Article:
After seeing the fantastic footage from Green Lantern and Cowboys and Aliens earlier today and yesterday, I was afraid that all the other presentations at WonderCon would pale in comparison. However, when I sat down for the Hanna panel, I found out I was dead wrong. Hit the jump for my thoughts on the footage and panel from the Hanna presentation.
It seemed a bit odd that director Joe Wright’s Hanna would be making an appearance at WonderCon merely a week before its release. But after seeing the footage from the film, I realized that we were given quite a treat. The panel consisted of Wright and star Saoirse Ronan, both of whom were delightfully charming and brutally honest.
The presentation kicked off with the theatrical trailer that began the marketing campaign for the film. Now I had heard that Hanna was a special sort of flick, and the marketing wasn’t telling the full story. I understood this once we got our first look at a full scene. In the short scene, we see Hanna escaping the facility she’s being held captive in. The score from The Chemical Brothers is pulsing and we see Hanna, gun in hand, staring down a scientist in her way. The scientist acquiesces to her unspoken command to place himself into a locker, then we see Hanna pull the trigger on the gun. Without seeing the victim, we cut to a splash of blood on Hanna’s cold, stoic face as she makes her way forward.
We then see another scientist being thrown against the wall by something offscreen, before Hanna walks through the door and stares back at the stunned, and wounded, scientist. All of this footage was beautifully shot, with Wright taking an interesting and wholly original approach on shooting the action. There are some great long takes and surprising camera placements that give the audience a feeling of uncertainty and uneasiness.
The next scene we saw was a prolonged chase scene through a shipyard full of cargo crates. Ronan is being chased by two thugs and one of the film’s main antagonists, played by Tom Hollander. Wright pulls off a fantastic long-take using a steadicam, wherein we follow Hollander making his way through the crates below, with the camera periodically tilting upward at the precise moment to see Ronan’s character jumping across the current set of cargo crates. It really is a beautiful sequence, which culminates in a hand-to-hand combat scene between Hanna and two thugs, wherein she brutally dispatches them right in front of her dumbfounded travel companion she met on the road, a 16-year-old girl named Sophie played by Jessica Barden.
The panel that intersected and followed these two scenes was immensely insightful. Wright said that he came aboard the project after it was offered to Ronan and she insisted that he direct. Once he signed on, the film evolved into a “dark fairy tale” with European sensibilities that doesn’t quite take place in reality, but in a plane just above reality. He mentioned that the French New Wave and Italian cinema of the 70’s were large influences on the film, as well as Paul Greengrass’ Bourne films (though he noted that they purposefully tried not to imitate Greengrass’ style on Bourne, for fear of becoming another Bourne copycat film that didn’t stack up).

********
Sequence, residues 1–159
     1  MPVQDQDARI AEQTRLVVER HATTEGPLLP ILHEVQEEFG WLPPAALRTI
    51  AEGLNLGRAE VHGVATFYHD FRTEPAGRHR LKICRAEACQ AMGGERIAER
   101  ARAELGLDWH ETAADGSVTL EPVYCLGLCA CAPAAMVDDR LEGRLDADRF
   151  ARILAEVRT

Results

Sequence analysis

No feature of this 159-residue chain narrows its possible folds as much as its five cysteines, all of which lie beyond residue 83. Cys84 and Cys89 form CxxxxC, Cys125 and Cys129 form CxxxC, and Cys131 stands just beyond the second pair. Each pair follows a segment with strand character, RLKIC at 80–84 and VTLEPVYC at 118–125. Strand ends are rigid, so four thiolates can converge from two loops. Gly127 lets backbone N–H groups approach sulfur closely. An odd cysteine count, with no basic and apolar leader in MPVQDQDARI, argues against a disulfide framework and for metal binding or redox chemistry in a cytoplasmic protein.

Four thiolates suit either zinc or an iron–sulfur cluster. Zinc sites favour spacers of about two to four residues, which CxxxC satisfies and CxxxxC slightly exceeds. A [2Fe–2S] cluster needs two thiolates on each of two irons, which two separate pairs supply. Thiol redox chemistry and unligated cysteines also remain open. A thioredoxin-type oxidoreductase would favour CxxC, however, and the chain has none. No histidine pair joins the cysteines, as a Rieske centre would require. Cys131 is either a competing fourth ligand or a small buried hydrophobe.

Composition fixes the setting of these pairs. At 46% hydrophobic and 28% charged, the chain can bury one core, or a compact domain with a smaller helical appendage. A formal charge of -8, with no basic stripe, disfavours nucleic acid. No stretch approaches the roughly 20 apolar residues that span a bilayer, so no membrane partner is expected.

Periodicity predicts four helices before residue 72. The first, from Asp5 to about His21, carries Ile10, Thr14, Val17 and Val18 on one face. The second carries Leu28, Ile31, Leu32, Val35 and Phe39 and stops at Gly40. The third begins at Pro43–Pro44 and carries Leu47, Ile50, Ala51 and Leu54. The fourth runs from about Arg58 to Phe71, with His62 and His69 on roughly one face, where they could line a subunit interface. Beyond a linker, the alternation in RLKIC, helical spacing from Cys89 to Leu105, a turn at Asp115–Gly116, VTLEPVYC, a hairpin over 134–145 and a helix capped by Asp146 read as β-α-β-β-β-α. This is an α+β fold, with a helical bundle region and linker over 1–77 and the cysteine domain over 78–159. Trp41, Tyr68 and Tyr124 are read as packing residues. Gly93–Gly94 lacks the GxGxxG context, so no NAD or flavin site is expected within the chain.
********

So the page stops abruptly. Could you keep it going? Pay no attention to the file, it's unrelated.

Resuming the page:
The central theme of the film, Wright noted, is innocence itself trying to survive in a harsher world. Hanna has been brought up completely cut off from society, so she’s void of any contamination from outside influences. Ronan commented that hearing music for the first time is a big deal for Hanna.
Wright said that he wanted the film to be layered, in that it can be enjoyed as an action/thriller, but also comments on social and gender issues, as well as metaphysical themes. It’s here that it seems the crux of the film lies. Wright commented on how modern feminism has been contaminated with filth. Reminiscing on the Spice Girls, Wright said he remembers hearing them proclaim “Girl Power” and thinking “that’s bullshit.” He gave a not-so-subtle nod to a certain film now in theaters that features posters with girls “kicking ass” while being sexualized and wearing bikinis. “And pigtails!” Ronan interjected. “Female empowerment is not about sex,” Wright proclaimed, and it’s clear that Hanna deals with these themes heavily.
Ronan said she hopes for more roles like Hanna that feature “interesting young women who leave an impression and force people to talk about these issues.” The character of Hanna encounters young Sophie in the film, whose mother is a “lost feminist.” Sophie is very much a “celebrity worshipping 16-year-old” and Wright’s idea was to put her and Hanna together and “confront these two worlds.”
While I was already sold on the premise and behind-the-scenes talent of the film, the Hanna presentation today only made me more excited to see it when it hits theaters. The footage looked great, with Wright making some very interesting directorial choices, specifically in regards to how he shot the film and staged the scenes. The music by The Chemical Brothers was also fantastic. Wright noted that they wrote some of the music before filming started, so they were actually playing the songs that end up in the finished film on-set while shooting some of the action sequences. Overall, I’d say Wright has a highly intriguing film on his hands, which seems to confront issues larger than “look at these explosions and gunfights.” I’m quite eager to check it out, and hope to see more movies made with this kind of passion and big ideas more often.
Hanna stars Saoirse Ronan, Eric Bana, Cate Blanchett, Tom Hollander, Olivia Williams and Jason Flemyng. The film hits theaters April 8th.